“This application rationalization project will reduce technical debt, improve security and migrate critical business applications to an advanced cloud-based platform,” according to the TMF website. “Modernized applications will be zero trust ready and will run on a modern set of programming tools with automated build, test, and deployment capabilities.”

The FAA says it will modernize an initial 22 critical services with TMF funding and support, and then use that operational cost savings to modernize the remaining legacy services.

“Part of this project will include creating an operational playbook the agency can confidently follow in repeating this work after modernizing the initial 22 services,” the website stated.

Another investment in zero trust

As for the HHS OIG, it will use the TMF funding to “implement more secure, zero-trust mechanisms across its network, identity management and security operations and risk management. To architect a zero-trust network, HHS-OIG will update its infrastructure to a secure, cloud-based model aligned with the Secure Access Service Edge (SASE) requirements from the Cybersecurity and Infrastructure Security Agency and national executive orders. Implementing an enterprise identity management solution will enable OIG’s applications to determine the level of access a user should be given to an application and its data. As a result, HHS-OIG will be better positioned to protect the sensitive HHS-OIG data and analytics critical to performing oversight,” according to the TMF website.

This was the TMF Board’s eighth award where zero trust implementation was a key focus area of the investment.

Martorana said the demand from agencies for TMF funding has been clear over the last two years specifically after the $1 billion allocation.  She said the change in repayment options as part of the American Rescue Plan Act investment has given agencies more reason to submit proposals.

Yung added her office is working with agencies in new ways so they are more likely to find success in winning investments.

“In the last few years, we’ve meaningfully grown the TMF program, we’ve expanded the board and added new members and obviously added subject matter experts to the team. So that’s given us just an increased ability to engage quite early and often with agencies who are interested in the TMF,” she said. “One concrete example is, previously agencies would submit a proposal and it would go to the board, and they’d have to go through this full process right away. But over the last year, we introduced a new process that enables agencies to get started in a very lightweight, quick way, where sometimes they can take only 15 minutes and submit some basic information and get hands-on advice and support from the PMO, which enables them to kind of really engage more deeply on the work and have a great discussions and conversation with the board.”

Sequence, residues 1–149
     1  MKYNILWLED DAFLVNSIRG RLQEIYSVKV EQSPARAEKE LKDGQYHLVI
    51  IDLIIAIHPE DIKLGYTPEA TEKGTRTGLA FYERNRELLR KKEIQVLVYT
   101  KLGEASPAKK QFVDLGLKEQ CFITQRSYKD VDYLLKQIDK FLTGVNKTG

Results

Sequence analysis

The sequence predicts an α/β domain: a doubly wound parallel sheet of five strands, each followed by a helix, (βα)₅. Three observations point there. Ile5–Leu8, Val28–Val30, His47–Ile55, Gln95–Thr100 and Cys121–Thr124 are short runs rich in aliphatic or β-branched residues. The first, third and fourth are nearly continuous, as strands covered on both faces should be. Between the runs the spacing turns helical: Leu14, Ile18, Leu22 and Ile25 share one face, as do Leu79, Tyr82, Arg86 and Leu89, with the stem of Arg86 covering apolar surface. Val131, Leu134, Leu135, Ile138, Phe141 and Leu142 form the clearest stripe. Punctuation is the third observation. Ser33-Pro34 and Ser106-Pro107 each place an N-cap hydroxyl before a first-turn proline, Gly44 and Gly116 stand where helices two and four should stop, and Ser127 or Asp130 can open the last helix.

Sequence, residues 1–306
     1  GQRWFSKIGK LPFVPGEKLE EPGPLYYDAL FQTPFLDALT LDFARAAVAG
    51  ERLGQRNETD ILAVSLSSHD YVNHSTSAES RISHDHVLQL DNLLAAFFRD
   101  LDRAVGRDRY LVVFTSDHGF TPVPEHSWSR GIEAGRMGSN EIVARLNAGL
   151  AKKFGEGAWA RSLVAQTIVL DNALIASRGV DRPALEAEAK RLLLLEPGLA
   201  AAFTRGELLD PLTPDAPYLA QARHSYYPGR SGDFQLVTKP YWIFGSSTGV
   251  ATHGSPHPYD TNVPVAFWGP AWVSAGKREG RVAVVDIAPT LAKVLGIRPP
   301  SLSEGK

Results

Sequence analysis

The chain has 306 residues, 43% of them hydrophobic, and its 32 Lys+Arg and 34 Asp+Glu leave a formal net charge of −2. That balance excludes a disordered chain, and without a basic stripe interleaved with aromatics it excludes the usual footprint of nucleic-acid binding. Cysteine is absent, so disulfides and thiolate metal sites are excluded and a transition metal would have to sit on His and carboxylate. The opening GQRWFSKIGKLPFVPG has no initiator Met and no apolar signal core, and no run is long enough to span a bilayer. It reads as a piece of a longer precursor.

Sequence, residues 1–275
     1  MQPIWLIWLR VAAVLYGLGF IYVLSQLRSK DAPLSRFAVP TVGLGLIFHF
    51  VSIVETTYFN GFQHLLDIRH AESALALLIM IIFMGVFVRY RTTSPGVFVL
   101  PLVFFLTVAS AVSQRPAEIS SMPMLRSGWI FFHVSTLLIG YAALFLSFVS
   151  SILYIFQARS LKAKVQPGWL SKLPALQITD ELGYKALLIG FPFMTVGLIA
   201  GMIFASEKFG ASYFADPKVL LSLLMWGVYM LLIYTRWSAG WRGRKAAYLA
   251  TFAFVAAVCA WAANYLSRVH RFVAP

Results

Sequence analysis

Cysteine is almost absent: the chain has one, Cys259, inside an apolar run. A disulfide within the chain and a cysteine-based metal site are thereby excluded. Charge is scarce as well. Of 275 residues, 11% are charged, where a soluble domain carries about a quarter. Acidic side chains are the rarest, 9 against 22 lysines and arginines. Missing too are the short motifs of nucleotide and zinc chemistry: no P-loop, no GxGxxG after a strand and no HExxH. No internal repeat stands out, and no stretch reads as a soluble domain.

The TMF program office now includes experts with backgrounds in customer experience, cybersecurity and general technical support to help agencies take a more agile approach to development.

Martorana said the executives on the board also are focused on ensuring agencies are including change management techniques, human-centered design methodologies and the projects are meeting timing and funding milestones.

“I think that having technologists and all of these experts interrogating a project upfront does a lot. It really benefits an agency’s team to have outside people who might not be as familiar with the subject matter expertise of a project, really being able to ask and focus on the features and benefits. What are the metrics that are going to be focused on like, cost savings and avoidance or time saved by either the end customer, the public or federal employees?” Martorana said. “The board interrogates all of the activities that go into a program before just lifting and shifting something. We’re really interrogating business processes, making sure our data is protected, the systems are consolidated and that their sunset plans for the older systems that are no longer going to be used are in place. Then making sure that we’re really measuring user impact and customer satisfaction. With some of the payment flexibility, I think we are really seeing teams leaning into building a minimally viable product (MVP), validating their technical requirements, making sure that they’re on the right path internally, before they go ahead and try and stand up and build an entire system. They’re doing all of the really rigorous work upfront. We’re really excited, because we can see how that is driving down failure rates.”